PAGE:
Greg Schiano told a story. It was the year 1999 and Schiano was on Butch Davis's staff at Miami. The Hurricanes had dropped three early season games, and the staff thought they were going to be fired. A sports psychologist came to speak to the staff, and he told them an illustration of a man alone in a dark wood. That man faced two choices: he could curl into a ball and die, or he could grab an axe and start chopping.
The first chop wouldn't change his circumstances, nor the 50th, nor the 250th. By the 500th chop, the tree would fall. Then, the psychologist said, it would be time to take a breath and start swinging at the next tree. Eventually, though, with enough chops the forest would start to clear and the light would find him.
If you're familiar at all with Rutgers football under Schiano's leadership, Wednesday's re-introductory press conference likely wasn't the first time you heard that story. In fact, #CHOP became more or less the official hashtag of Scarlet Knights football during Schiano's first tenure, back when hashtags first became a thing.
It didn't take long for #CHOP to make a comeback on Wednesday.
But that story was about the only time Old Schiano made an appearance on Wednesday. New Schiano introduced himself, more seasoned, wiser and, well, older -- though it's hard to tell from looking at him.
Schiano left New Brunswick in 2012 a football coach -- a hard-driving football guy who would instruct his Tampa Bay Buccaneer players to charge at the line of scrimmage when the other team took a knee, because the risk of injury and generally looking like a try-hard jerk were small prices to pay in the endless pursuit of victory.
The Schiano that presented himself Wednesday was more than a coach. He was a statesman. This was a guy with enough gravitas to compel New Jersey Gov. Phil Murphy to sit in the audience and listen to him speak, and who could respond to a question about former New Jersey Gov. Chris Christie's criticism with a shrug and a smile. Chris is a friend. We're good.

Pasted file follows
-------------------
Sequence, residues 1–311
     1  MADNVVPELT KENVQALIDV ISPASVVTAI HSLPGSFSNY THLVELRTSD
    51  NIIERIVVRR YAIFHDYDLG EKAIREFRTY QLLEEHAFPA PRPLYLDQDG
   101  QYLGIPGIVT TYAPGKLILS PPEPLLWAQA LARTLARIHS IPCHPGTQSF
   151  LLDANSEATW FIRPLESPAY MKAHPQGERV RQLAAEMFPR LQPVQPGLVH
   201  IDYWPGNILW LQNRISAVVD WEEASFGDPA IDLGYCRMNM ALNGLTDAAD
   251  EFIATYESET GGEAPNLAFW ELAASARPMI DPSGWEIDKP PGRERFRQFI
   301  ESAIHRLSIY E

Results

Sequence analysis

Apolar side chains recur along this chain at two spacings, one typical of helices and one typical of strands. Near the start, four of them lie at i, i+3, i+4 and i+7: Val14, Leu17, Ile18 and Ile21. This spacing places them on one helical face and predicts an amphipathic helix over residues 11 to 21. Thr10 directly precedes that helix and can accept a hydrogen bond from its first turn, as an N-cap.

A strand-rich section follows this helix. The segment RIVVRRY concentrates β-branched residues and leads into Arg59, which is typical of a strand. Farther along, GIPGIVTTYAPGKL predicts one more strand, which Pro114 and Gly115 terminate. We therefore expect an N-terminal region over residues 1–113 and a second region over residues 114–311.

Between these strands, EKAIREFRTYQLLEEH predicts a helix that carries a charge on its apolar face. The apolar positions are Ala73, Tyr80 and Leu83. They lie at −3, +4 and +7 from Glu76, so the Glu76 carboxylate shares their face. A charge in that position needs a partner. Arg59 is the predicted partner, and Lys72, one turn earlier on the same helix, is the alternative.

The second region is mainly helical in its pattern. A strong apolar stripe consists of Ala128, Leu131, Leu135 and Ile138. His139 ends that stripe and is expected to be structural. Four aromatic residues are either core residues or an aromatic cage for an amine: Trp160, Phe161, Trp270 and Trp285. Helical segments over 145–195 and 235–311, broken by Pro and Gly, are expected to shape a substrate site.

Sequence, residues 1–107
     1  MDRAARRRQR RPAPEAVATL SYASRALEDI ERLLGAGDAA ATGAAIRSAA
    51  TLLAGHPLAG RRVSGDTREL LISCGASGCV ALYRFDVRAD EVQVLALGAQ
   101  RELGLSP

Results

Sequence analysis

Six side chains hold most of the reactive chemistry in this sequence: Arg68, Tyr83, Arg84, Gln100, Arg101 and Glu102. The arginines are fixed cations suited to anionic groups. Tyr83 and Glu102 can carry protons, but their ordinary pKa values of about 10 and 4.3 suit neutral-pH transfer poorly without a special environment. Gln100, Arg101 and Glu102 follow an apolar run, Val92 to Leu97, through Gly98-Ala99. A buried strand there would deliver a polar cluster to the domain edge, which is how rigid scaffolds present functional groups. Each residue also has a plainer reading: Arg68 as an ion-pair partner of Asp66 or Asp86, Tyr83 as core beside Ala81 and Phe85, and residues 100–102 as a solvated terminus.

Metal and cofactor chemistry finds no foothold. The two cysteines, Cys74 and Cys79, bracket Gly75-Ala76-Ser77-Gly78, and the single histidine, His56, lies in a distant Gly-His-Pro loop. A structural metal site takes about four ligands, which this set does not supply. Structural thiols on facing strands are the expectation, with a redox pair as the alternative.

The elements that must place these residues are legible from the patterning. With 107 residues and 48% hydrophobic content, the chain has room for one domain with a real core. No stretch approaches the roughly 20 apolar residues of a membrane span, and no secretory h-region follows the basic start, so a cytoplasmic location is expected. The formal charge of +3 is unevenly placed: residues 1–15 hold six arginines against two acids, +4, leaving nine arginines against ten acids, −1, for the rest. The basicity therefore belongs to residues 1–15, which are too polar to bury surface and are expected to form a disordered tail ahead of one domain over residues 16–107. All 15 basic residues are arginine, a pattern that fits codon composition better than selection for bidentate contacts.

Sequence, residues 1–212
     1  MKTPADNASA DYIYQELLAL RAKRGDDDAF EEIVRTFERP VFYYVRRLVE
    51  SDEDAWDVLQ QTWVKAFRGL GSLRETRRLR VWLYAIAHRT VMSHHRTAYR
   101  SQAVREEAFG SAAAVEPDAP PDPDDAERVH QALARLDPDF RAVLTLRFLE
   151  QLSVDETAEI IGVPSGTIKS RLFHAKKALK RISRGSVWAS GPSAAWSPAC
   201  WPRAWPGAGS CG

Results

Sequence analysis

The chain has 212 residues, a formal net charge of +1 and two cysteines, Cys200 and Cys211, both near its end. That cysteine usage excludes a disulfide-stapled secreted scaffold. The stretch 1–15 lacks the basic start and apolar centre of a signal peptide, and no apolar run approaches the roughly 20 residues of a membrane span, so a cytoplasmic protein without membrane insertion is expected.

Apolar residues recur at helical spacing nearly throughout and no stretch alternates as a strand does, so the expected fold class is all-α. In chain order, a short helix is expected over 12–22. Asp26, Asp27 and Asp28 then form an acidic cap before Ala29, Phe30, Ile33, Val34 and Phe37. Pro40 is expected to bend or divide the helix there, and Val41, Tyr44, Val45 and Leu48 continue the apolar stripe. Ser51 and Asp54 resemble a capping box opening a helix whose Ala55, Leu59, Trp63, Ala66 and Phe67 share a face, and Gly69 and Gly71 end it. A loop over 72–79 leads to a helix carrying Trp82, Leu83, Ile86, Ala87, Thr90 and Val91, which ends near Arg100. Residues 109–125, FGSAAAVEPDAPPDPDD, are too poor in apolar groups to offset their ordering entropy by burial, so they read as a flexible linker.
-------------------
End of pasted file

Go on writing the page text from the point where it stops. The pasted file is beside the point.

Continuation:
That word statesman is fitting, because Schiano positioned Rutgers football -- and, by extension, himself -- as the only thing that can unite a state of New Jersey defined by its proximity to Philadelphia to the south and New York City to the north.
"It's really important now that we all come together. When we really had it cranking here, there was no division. I get it, we have two major cities that border our state. We have one thing that's just us, and that's Rutgers," he said. "It's going to take everybody. If you've got a lot of money, yeah, we need your money. But if you don't have a lot of money, we need you at the stadium. At the water cooler, we need you promoting Rutgers football. Those Block R magnets, we need them on your car."
But more than anything, Schiano returns to Rutgers a man humbled by his experiences elsewhere, with a clear vision of what his role as the head coach will be -- and it's not Xs and Os. In fact, questions about scheme were actively deflected.
Can you ever imagine the Greg Schiano Rutgers hired in 2000 saying "it doesn't matter" what defense his team runs in the context of the program's total identity?
"To say we're pro-style, or we're a spread team, or we're an RPO team, a 4-3 team or a 3-4 team, it doesn't matter. The thing that matters: we'll do whatever it takes to win," he said. "What matters is that our players love each other, that they're willing to put it on the line for each other, that they play incredibly hard. Football is not a natural game. You go to a family picnic, they play pick-up hoops, they play wiffleball. No one goes and puts a hard shell helmet on and then runs into somebody. That's just not natural. So when you get players that do that, they've got to have something inside of them and something that they're doing it for. And the most important thing that our players and our coaches do it for each other. When they do that, we can make Rutgers proud and we can make New Jersey proud."